It’s an outrage. The car of a wheelchair-bound woman was clamped, not once, but TWICE, reports the Waikato Times. Apparently the first time, the permit had fallen off the dashboard. This time, she left home with an expired permit by mistake. Her vehicle was clamped and she apparently had difficulties getting the clamped removed. It is indeed an outrage. I am a wheelchair user, and you might be surprised to hear I don’t have a whole lot of sympathy for Mrs Adams.
First, let’s get something out of the way. Bruce Holloway, the author of the piece, used the term "wheelchair bound". That term really gets my blood going. I would have hoped that someone in the press would be aware of appropriate language when talking about people with disabilities, but I guess I’m expecting too much. I don’t care much for Political Correctness, but I do believe in the power of language. "Wheelchair bound" has an immediate impact on how we perceive the person that label has been applied to. The implication here is that if you use a wheelchair, you’re limited in some way. When in fact the wheelchair is a tool of freedom. It’s without the wheelchair that we’re limited. So by beginning the article with "wheelchair bound", Mr. Holloway immediately puts the reader in the frame of mind of "poor Mrs Adams".
Mrs Adams is a victim. She can’t help it, she’s wheelchair bound.
But… Waitaminute! Stop the press!!! Let’s backtrack a second.
Rights & Responsibilities
Some people with disabilities can get a parking permit allowing us to park in those parking spaces. Note, not all disabilities allow us to get a permit. With the right to use dedicated parking spaces, we have the responsibility to display the valid permit. No rights without responsibilities.
I have come across more than enough cars parked in mobility spaces without displaying parking permits, and often been unable to park because of it. I am sure that this has happened to Mrs. Adams as well. Those of us with disabled parking permits get angry when people without parking permits abuse the spaces and force us to risk our lives by parking across the lot because all disability spaces are being used by people who don’t have a permit.
We’ve all been asking for *something* to be done about it. The situation is dire in New Zealand. I don’t believe that clamping is the solution, but at least it’s *something* being done to try and get the message to parking abusers.
So I find it just a bit much that when something is being done about the situation, and we mess up and get caught, we then start crying "woe is me". No, we have to take responsibility for our actions, or lack thereof. If I forget to display my parking permit and get a ticket, or a clamp, I’ll be upset, but upset at myself. I’ll have deserved it.
Getting In Touch
The Waikato Times article continues to say that Mrs. Adams was unable to go to The Base administration office because it is on the second floor. Presumably, there is an elevator there. But there is renovation going on at The Base, which means it’s likely the elevators are out of commission. The Base’s site mentions that because of the $80 million redevelopment project, they have extra staff to assist shoppers, and there are security guards at each entrances. Further, a free phone number to the administration office has been made available to shoppers. Mrs. Adams may well have been unable to get to the administration offices, but I wonder why it took her 40 minutes to get in touch with administration office. Clearly she was able to get in touch with the newspaper, which doesn’t have security guards, extra staff, and a free phone number, so one expects she would have been able to get in touch with the power that be to get the clamp removed.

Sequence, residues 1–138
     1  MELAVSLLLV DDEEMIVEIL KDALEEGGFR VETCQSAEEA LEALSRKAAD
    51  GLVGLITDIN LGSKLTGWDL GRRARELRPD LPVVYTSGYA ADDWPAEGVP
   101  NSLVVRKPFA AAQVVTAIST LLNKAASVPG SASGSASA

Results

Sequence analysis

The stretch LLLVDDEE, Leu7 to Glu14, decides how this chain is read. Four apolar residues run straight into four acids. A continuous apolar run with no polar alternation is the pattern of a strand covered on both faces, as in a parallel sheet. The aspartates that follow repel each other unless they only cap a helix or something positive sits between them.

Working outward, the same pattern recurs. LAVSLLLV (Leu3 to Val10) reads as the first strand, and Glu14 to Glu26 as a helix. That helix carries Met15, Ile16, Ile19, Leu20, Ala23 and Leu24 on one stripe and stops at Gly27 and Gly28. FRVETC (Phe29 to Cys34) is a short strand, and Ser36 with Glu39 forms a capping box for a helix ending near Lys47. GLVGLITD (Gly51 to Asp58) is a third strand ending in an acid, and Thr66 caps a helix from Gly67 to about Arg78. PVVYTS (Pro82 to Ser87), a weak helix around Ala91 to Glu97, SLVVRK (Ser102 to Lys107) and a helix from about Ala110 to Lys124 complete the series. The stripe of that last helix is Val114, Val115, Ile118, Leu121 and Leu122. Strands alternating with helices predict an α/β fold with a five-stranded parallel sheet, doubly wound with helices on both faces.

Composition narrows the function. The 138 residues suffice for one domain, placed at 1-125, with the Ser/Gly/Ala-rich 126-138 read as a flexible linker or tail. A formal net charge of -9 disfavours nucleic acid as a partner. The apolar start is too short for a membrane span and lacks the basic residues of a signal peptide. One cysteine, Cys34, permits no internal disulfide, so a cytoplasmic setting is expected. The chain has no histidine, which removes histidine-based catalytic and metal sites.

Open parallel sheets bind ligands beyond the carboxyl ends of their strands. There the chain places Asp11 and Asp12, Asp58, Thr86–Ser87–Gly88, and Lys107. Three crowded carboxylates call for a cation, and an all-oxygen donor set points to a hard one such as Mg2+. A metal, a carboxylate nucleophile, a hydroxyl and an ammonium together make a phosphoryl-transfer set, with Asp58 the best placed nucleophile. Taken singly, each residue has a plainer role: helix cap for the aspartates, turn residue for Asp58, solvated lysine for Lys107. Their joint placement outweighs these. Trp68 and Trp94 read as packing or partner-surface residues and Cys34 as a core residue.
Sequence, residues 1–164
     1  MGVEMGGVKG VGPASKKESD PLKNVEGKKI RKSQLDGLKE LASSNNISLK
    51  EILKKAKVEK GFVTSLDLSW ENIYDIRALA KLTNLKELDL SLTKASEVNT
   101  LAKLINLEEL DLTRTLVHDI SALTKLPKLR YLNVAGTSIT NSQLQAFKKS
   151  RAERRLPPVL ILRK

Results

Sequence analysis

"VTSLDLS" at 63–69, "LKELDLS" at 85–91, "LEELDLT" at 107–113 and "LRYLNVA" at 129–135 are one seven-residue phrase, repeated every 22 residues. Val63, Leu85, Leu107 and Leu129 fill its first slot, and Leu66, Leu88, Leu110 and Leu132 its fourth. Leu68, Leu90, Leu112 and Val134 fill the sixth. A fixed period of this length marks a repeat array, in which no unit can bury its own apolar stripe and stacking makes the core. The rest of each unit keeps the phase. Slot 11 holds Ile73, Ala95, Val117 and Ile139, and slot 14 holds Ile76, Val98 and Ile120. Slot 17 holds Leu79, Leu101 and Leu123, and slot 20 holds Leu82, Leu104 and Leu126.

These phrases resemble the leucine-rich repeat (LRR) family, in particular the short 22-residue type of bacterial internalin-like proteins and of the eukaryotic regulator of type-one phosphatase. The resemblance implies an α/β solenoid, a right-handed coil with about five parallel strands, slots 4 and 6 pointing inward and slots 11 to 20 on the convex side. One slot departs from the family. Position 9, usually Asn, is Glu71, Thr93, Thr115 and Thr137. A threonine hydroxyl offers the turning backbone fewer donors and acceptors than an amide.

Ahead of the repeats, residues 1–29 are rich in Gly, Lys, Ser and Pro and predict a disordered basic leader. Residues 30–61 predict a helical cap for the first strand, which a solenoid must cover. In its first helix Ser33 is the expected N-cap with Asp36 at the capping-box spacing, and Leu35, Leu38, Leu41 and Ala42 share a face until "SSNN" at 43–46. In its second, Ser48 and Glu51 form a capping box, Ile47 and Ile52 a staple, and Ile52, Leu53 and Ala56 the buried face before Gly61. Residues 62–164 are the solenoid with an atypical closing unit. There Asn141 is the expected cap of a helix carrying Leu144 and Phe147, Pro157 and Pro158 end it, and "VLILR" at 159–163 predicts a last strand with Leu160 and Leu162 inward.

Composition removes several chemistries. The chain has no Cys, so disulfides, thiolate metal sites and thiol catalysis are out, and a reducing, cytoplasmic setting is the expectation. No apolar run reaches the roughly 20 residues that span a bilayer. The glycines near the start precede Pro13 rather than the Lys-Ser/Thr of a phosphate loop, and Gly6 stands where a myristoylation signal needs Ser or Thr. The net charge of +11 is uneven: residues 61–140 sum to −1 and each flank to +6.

But she must have been able to get in contact with someone because the clamp was being removed at no charge (instead of the $150 previously quoted), as the reporter arrived.
Yes, clearly, there is a problem with clamping. There should be a mechanism to ensure people who have their cars clamped erroneously can get them unclamped. And if someone with a disability and a genuine parking permit gets clamped for not displaying the permit, there should be a mechanism to get them on their way as well, but they shouldn’t get off scot-free. They did, after all, forget to display their permit.
Obviously Genuinely Disabled
I guess one of the statements that really gets under my skin is this:
"But upon seeing Ms Adams paralysed from the chest down it is obvious she is genuinely disabled"
It is obvious she is genuinely disabled, eh? Because anyone can actually tell, just by looking at someone, whether they are paralysed or not? I have news for you… You can’t tell just by looking. You just can’t. The photo below is part of the wheelchair rugby team I’ve played with. Apart from the two people standing in the back, can you tell, just by looking, the couple people who can walk? Can you tell who has, or doesn’t have, a disability parking permit?
Manawatu Wheelchair Rugby Team
Besides, how about the many people who *can* walk, but have genuine disability parking permits? How about people with chronic congestive heart problems? You can’t tell just by looking at them, can you? And are they going to get clamped because the assumption is that if they can walk, they are not using a valid permit? Only a medical professional possessing all the relevant information can know whether or not someone is "genuinely disabled".
I’d have left a comment on the Waikato Times article, but that isn’t an option.
Ok, rant over. But I’d love to know what you think of the whole thing.